Proposals to end straight-ticket voting, expand early voting and reform redistricting are among the changes that will be floated by Democratic candidate for governor Joe Cunningham on Friday. Meanwhile nationwide, conservatives in Congress and Republican-controlled state legislatures continue ramping up efforts to nix expanded voting procedures that voters got a taste of in 2020.
Cunningham said his 10-point plan would “protect and expand voting rights in South Carolina,” and also includes automatic voter registration at 18, allowing voters to register and cast a ballot on the same day, 30 days of early voting, an expansion of ID types that can be used to vote and making Election Day a state holiday.
The plan would also eliminate witness signatures for mail-in ballots, make ballot drop boxes available in every county and invest in voting machines and personnel to cut down on lines.
“Right now South Carolina has some of the most restrictive and archaic voting laws in the country, and when I’m governor that’s going to change,” Cunningham said in a statement. “In our state, you can vote with your concealed weapons permit but not your college ID. You have to sign an affidavit swearing that you are unable to vote on election day before you can vote early. And South Carolina is one of only six states that still allows straight-ticket voting which is nothing more than state-sponsored partisanship. It’s time for our state to lead on voting rights and this plan will help us do just that.”
After serving a term in Congress, Cunningham is now in a three-way race for the Democratic nomination for governor with state Sen. Mia McLeod and activist Gary Votour. Gov. Henry McMaster will seek another term in 2022.
Voting rules are getting attention from Republican lawmakers this year as polls show up to two-thirds of Republican voters believe President Joe Biden’s 2020 victory was illegitimate. No significant voter fraud has been found anywhere in the U.S., but right-wing provocateurs have blamed former President Donald Trump’s loss on temporary measures enacted in many states to make voting safer during the COVID-19 pandemic. Mobs that staged the deadly invasion of the U.S. Capitol on Jan. 6 were there to stop election results from being certified.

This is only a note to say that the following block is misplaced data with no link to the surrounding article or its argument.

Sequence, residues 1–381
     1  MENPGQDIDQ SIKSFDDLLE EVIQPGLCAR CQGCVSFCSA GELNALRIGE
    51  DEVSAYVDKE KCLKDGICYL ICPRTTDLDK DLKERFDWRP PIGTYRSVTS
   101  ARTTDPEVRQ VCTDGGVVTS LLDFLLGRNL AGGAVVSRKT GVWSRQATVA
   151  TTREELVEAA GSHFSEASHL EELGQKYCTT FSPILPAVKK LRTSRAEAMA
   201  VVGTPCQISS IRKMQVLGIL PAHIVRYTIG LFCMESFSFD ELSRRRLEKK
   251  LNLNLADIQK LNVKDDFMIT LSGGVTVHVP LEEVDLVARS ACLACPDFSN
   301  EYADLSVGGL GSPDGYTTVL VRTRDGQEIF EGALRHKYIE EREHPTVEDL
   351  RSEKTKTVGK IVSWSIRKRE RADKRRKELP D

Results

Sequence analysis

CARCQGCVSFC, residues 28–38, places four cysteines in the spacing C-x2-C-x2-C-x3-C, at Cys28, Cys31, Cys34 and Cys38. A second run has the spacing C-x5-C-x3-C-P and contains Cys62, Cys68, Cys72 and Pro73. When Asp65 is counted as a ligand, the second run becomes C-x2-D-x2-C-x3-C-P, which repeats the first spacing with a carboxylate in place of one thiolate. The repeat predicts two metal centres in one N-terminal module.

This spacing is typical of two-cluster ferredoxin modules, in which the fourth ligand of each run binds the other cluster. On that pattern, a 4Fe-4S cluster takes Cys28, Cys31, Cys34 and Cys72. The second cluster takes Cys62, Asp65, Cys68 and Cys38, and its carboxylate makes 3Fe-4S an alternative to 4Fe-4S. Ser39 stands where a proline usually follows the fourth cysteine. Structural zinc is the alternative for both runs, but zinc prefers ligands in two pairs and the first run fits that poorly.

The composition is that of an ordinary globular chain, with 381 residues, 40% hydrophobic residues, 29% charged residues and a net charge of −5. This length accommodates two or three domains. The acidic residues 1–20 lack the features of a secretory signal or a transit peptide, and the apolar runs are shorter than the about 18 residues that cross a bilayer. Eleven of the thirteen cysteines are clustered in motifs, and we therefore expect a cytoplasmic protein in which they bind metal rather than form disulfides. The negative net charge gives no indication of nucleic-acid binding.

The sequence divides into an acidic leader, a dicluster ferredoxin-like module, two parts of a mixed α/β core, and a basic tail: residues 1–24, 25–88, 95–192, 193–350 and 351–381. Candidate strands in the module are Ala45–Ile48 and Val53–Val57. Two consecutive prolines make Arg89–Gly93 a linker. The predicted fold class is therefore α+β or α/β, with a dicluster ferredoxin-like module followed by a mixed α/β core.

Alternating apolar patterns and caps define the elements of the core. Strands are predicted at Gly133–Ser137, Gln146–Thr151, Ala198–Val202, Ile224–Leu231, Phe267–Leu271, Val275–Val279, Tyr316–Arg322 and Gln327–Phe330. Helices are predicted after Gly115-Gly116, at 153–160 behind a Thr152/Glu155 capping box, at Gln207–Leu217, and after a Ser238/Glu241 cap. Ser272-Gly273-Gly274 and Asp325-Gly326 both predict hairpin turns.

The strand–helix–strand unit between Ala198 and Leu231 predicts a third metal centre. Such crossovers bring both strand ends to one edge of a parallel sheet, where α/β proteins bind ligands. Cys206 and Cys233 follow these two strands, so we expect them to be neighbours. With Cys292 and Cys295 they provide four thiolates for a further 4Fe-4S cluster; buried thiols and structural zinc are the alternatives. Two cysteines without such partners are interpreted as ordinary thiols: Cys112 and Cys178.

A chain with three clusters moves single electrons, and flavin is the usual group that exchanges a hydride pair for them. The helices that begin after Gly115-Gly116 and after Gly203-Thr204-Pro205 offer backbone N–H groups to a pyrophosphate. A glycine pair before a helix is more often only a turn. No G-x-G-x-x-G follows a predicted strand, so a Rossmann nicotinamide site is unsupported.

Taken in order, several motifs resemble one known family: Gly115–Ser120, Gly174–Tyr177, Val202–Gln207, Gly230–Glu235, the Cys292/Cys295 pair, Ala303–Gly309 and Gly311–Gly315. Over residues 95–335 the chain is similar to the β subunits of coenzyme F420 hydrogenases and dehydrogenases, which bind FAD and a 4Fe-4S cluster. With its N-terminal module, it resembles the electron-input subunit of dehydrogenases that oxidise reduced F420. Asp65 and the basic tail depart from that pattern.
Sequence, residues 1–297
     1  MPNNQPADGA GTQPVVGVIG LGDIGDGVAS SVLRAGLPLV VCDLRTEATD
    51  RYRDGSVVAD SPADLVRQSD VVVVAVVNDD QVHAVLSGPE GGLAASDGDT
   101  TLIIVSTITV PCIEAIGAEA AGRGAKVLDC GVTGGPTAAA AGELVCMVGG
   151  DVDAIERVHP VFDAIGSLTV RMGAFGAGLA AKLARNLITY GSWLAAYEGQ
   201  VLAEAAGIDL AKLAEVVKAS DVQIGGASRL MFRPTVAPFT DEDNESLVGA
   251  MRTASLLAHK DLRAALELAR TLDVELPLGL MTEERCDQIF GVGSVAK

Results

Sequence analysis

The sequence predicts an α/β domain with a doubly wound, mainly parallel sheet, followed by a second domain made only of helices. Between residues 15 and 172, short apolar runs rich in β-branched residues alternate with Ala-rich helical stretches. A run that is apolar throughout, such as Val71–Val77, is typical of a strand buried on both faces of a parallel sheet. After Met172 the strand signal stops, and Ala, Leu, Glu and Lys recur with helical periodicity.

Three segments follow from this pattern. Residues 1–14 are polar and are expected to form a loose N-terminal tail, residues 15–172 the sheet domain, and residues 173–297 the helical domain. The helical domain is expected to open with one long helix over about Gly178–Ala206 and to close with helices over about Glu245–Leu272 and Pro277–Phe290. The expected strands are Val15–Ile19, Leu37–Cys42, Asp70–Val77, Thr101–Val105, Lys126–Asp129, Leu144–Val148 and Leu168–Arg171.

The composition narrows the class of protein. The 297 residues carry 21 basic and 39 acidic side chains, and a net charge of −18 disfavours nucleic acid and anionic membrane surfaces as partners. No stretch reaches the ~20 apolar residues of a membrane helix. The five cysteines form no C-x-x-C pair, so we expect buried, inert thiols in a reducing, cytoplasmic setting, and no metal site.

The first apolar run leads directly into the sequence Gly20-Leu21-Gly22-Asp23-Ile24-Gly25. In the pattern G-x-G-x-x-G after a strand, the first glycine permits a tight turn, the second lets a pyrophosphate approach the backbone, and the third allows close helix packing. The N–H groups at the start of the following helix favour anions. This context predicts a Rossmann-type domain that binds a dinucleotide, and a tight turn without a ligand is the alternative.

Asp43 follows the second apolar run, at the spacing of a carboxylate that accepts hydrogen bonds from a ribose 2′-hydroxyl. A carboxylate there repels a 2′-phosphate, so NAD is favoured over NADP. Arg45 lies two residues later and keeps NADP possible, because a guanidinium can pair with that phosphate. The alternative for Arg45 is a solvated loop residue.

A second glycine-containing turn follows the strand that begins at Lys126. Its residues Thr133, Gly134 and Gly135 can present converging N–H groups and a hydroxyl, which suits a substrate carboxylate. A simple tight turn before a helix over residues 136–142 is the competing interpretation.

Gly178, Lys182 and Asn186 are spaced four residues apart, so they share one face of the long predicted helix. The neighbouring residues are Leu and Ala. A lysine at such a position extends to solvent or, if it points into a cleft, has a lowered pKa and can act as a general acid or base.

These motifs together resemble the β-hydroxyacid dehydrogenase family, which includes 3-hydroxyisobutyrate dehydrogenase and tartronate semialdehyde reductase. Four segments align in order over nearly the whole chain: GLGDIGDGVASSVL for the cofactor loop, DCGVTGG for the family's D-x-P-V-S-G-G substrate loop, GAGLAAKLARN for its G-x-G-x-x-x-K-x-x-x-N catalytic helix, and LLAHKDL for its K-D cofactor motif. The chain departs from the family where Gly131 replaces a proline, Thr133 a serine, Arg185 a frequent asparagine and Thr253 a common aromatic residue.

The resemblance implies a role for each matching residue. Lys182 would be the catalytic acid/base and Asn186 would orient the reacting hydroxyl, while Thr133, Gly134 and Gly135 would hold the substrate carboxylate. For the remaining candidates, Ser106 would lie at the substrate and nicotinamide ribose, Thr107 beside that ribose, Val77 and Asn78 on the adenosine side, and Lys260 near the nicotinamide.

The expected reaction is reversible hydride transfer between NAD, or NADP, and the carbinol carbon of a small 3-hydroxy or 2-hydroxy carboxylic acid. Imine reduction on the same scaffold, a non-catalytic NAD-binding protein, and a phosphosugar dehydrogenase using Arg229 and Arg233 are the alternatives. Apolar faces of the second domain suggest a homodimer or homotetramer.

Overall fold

In Washington this week, voting reforms that would have affected federal elections and put in safeguards against election fraud were defeated in the U.S. Senate. The For the People Act was supported by 50 U.S. senators, but procedural rules allow the minority party to threaten a filibuster and sink proposals that have support of less than 60 senators. Cunningham was among the U.S. House members who voted to pass the bill.
Republicans in South Carolina haven’t mounted a significant push to clamp down on voting rules like lawmakers have in Georgia and Texas, though they did challenge the temporary voting measures put in place last year.
And ahead of redistricting in the fall and the 2022 midterm elections, huge Republican majorities in the state House, Senate and statewide elected offices set the stage for significant changes even before the next election.
“This legislature has created a system where politicians can’t lose and voters can’t win. They’ll do anything to hold on to power including making it harder to vote — especially for African Americans,” Cunningham told the City Paper. “We’re seeing it all over the country and I’m going to do everything I can to keep it from happening here.”
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